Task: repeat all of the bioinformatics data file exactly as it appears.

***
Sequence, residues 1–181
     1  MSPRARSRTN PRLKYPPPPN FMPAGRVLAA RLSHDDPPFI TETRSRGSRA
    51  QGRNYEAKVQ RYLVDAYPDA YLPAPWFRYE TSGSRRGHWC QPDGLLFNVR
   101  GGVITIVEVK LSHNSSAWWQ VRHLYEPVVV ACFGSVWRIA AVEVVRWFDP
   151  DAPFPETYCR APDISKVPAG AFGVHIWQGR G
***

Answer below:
Sequence, residues 1–181
     1  MSPRARSRTN PRLKYPPPPN FMPAGRVLAA RLSHDDPPFI TETRSRGSRA
    51  QGRNYEAKVQ RYLVDAYPDA YLPAPWFRYE TSGSRRGHWC QPDGLLFNVR
   101  GGVITIVEVK LSHNSSAWWQ VRHLYEPVVV ACFGSVWRIA AVEVVRWFDP
   151  DAPFPETYCR APDISKVPAG AFGVHIWQGR G